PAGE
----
Research of the Coherent X-Ray Scattering Group

Structure and Dynamics of Colloidal Systems

X-ray Cross Correlation Analysis (XCCA)

Ultrafast magnetization dynamics

X-Ray Delay Unit & X-Ray Beam Splitting

Hard X-Ray Delay Line

Complex Fluids and Glasses

In this research area we study structure and dynamics of amorphous materials with special attention on colloidal fluids and glasses. Colloidal systems consist of nanoparticles with a typical size between 50 and 500 nm that are suspended in a solvent. In general, these colloidal suspensions can be divided into two different systems, specifiable on the basis of their stabilization which both are synthezised and characterized in our group: hard sphere systems consist of sterically stabilized particles and soft sphere systems consist of charge stabilized particles. Depending on various parameters such as particle concentration and charge, such colloidal systems form fluid, crystal or glassy states.
 
We use Small Angle X-ray Scattering (SAXS) to determine both the structure of a single particle (intraparticle correlations) and the averaged structure of the whole suspension (interparticle correlations).
 
By using coherent x-rays as probe, the exact arrangement of the colloidal particles in the suspension is encoded in the diffraction pattern, the so called speckle pattern. Studying changes of the speckle patterns with time allows to reveal the dynamic behavior of the sample. This method is known as X-Ray Photon Correlation Spectroscopy (XPCS). We use XPCS to study the dynamics of colloidal systems over the whole phase diagram with special attention on glass transition dynamics.
 
In contrast to crystalline matter, liquids and glasses do not show a long range structural order. The analysis of speckle patterns allows to overcome the averaging present in typical (incoherent) scattering experiments giving rise to the orientational averaged structure factor only. Our recently developed X-ray Cross Correlation Analysis (XCCA) scheme offers the possibility to probe the orientational local order of disordered samples. We use XCCA to reveal the structure of various colloidal systems ranging from fast-relaxing liquids to slow glassy samples. In particular, the structure of molecular and atomic liquids is investigated by making use of ultrashort FEL pulses.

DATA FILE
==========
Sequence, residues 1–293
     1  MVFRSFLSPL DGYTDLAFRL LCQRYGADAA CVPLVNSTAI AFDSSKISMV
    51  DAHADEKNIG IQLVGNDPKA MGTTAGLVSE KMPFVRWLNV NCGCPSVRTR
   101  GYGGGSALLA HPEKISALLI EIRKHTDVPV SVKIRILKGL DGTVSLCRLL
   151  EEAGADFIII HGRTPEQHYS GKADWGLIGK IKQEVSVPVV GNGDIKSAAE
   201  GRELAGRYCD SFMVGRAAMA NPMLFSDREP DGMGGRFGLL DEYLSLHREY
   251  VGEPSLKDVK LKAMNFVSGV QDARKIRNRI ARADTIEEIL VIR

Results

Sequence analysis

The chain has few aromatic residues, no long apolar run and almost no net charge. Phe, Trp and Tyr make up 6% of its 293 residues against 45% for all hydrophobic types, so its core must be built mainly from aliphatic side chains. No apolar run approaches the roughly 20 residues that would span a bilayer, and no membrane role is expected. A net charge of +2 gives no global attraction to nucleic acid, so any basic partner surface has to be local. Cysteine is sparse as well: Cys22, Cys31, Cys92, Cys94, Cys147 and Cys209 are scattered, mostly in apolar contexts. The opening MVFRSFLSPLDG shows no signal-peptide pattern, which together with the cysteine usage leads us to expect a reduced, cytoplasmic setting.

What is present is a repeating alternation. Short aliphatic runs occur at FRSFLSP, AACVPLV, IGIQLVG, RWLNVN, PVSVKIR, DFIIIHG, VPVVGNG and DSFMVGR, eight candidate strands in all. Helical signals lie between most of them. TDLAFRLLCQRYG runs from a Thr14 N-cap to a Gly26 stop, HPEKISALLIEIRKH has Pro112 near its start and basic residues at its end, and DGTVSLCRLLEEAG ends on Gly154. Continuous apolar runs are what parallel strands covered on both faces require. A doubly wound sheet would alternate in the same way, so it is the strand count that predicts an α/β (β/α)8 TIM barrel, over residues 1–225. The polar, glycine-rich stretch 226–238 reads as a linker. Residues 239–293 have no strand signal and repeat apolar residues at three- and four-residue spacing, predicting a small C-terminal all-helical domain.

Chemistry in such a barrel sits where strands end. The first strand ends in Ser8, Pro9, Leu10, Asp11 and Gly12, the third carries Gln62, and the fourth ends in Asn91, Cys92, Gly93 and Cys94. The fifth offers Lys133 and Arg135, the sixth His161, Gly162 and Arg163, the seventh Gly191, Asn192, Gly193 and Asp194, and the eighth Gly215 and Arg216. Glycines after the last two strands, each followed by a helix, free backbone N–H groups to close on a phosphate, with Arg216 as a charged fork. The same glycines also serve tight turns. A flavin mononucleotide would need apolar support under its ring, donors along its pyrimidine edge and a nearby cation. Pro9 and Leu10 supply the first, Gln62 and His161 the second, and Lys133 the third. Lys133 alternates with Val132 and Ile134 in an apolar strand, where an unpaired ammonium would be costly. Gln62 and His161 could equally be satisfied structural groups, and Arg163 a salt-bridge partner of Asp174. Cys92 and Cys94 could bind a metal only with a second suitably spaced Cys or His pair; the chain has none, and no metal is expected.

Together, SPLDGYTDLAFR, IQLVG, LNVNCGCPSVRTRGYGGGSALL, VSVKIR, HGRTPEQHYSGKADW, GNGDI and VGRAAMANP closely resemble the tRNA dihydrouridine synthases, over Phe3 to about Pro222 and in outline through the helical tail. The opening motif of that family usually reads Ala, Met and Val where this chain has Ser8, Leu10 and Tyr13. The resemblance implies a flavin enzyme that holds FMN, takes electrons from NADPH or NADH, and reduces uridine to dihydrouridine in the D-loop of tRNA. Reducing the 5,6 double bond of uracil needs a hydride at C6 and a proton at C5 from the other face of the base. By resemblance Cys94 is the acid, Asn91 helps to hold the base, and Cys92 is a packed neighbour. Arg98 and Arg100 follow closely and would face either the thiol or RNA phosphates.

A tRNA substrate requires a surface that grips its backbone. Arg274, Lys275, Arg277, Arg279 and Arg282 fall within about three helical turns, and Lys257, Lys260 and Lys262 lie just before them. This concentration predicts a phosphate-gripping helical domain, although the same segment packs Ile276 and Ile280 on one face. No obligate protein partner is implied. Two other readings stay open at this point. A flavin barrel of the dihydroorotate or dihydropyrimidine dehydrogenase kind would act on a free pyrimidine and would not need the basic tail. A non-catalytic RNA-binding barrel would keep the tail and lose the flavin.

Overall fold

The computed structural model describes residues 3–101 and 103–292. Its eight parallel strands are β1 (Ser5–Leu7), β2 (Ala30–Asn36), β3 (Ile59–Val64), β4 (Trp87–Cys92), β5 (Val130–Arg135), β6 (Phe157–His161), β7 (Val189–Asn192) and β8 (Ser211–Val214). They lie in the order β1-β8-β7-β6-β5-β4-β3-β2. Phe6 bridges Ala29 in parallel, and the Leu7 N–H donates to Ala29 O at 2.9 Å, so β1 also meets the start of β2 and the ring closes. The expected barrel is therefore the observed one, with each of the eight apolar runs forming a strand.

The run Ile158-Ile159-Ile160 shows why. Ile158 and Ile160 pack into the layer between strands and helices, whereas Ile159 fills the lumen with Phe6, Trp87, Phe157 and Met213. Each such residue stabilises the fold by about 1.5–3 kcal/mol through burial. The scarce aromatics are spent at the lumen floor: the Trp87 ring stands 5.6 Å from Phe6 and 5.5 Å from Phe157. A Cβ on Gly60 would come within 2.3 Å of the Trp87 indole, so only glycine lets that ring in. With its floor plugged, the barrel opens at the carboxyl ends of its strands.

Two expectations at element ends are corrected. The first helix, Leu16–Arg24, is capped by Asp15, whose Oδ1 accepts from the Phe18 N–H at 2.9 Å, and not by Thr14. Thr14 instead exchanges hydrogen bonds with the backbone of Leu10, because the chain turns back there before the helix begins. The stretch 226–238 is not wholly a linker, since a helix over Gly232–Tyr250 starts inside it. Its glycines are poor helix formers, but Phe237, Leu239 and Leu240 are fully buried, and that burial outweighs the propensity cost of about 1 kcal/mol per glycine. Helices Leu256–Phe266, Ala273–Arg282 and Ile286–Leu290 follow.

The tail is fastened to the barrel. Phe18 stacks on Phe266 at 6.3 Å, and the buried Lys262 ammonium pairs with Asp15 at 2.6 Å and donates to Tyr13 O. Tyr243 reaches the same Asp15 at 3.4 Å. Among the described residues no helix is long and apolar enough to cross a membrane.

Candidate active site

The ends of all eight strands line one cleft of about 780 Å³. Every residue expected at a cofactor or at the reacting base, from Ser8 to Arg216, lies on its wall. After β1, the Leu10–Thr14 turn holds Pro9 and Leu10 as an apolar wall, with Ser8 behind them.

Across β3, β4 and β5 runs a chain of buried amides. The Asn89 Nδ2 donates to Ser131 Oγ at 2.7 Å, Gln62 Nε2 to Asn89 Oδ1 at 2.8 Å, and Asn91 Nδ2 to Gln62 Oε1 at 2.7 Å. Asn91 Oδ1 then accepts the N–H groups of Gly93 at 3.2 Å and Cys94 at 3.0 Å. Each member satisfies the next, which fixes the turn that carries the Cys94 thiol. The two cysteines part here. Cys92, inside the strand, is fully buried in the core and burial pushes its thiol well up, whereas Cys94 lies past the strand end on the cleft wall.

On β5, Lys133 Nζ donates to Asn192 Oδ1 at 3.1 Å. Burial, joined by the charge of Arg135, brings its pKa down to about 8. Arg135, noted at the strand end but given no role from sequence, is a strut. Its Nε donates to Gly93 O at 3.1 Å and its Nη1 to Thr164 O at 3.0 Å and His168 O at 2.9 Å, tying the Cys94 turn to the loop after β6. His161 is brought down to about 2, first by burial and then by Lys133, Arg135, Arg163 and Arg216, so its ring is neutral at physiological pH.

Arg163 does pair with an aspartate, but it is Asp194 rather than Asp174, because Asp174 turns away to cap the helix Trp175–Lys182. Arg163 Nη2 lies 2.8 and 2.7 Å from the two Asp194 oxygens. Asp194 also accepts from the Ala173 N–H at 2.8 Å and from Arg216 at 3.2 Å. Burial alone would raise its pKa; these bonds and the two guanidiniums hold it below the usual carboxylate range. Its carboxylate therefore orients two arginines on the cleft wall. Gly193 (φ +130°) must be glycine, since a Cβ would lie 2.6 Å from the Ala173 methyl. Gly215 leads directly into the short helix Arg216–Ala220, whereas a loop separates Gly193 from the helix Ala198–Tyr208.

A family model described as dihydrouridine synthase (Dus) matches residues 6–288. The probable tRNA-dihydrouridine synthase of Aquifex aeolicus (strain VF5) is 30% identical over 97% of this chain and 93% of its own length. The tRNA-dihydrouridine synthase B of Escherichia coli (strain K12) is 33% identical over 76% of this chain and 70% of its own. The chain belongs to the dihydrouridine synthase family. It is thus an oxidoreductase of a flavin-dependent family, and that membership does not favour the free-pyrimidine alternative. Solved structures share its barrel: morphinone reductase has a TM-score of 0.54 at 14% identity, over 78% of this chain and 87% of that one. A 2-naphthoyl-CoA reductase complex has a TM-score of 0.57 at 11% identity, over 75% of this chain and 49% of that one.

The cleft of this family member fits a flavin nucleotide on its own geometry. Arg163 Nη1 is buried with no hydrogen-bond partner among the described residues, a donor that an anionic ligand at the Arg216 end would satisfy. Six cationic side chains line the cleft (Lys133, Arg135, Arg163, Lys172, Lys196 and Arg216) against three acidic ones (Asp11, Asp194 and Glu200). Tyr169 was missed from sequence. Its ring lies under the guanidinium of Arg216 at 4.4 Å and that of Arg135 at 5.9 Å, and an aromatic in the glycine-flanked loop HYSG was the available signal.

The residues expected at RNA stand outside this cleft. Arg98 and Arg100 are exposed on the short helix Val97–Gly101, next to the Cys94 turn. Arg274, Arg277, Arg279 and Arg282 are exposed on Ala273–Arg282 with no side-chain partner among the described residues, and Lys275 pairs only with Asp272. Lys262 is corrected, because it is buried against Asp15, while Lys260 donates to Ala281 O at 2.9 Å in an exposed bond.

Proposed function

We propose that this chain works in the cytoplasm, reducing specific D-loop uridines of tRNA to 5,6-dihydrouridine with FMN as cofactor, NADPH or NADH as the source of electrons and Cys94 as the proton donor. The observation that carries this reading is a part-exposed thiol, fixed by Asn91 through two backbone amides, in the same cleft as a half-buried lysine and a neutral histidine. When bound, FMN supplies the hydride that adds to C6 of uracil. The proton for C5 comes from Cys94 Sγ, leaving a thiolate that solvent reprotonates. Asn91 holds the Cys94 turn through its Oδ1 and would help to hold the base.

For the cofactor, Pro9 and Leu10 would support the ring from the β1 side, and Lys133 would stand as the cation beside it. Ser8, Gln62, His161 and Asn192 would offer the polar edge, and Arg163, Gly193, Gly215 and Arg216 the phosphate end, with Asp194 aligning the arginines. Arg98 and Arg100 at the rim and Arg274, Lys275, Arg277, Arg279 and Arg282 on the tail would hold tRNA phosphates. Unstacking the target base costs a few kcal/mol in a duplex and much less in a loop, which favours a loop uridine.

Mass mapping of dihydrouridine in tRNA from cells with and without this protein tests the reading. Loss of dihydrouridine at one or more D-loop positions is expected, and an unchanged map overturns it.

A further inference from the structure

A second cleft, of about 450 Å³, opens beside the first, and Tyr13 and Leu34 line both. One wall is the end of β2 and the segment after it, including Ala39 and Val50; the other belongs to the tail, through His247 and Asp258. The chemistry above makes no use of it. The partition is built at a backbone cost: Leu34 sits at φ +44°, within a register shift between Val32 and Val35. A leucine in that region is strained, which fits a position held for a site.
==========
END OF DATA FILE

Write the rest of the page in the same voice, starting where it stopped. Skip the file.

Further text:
References

G. Grübel and F. Zontone. Correlation spectroscopy with coherent x-rays. Journal of Alloys and Compounds 362, 3 (2004).

P. Wochner, C. Gutt, T. Autenrieth, T. Demmer, V. Bugaev, A. Diaz Ortiz, A. Duri, F. Zontone, G. Grübel, and H. Dosch. X-ray Cross Correlation Analysis Uncovers Hidden Local Symmetries in Disordered Matter. Proc. Natl. Acad. Sci. 106, 11511 (2009).

Ultrafast magnetization dynamics

Understanding magnetization dynamics on the femtosecond time and nanometer length scale is a challenging problem in modern magnetism. Ultrashort pulses of XUV radiation delivered by FEL sources combined with a suitable pump (e.g. IR femtosecond laser, THz radiation...) allow for the first time to address both scales at the same time giving new insights in the physics of demagnetization of magnetic domain systems. Furthermore, real space images can be taken with a single FEL pulse employing the lensless Fourier Transform Holography (FTH) technique. We aim at combining pump-probe techniques with FTH imaging further deepen our understanding of the demagnetization process.

References

C. Gutt et al. Single-pulse resonant magnetic diffraction using a soft x-ray free electron laser. Phys. Rev. B 81, 100401 (2010).

L. Müller et al. Breakdown of the X-ray Resonant Magnetic Scattering Signal during Intense Pulses of Extreme Ultraviolet Free-Electron Laser Radiation. Phys. Rev. Lett. 110, 234801 (2013). Ph

Hard X-ray Delay Line

Probing a matter on a time scale of femto to nano seconds will be possible with the future LINAC driven X-ray lasers. With 3rd generation synchrotron light sources one can try to perform time resolved experiments utilizing delay techniques. The most crucial activity is then to build a device capable to split an X-ray pulse into two adjustable fractions, delay one of them and recombine both pulses.

References 

W. Roseker, S. Lee, M. Walther, H. Schulte-Schrepping, H. Franz, A. Gray, M. Sikorski, P.H. Fuoss, G.B. Stephenson, A. Robert, and G. Grübel. Hard x-ray delay line for x-ray photon correlation spectroscopy and jitter-free pump-probe experiments at LCLS. SPIE Conference Proceedings 8504, 85040I (2012).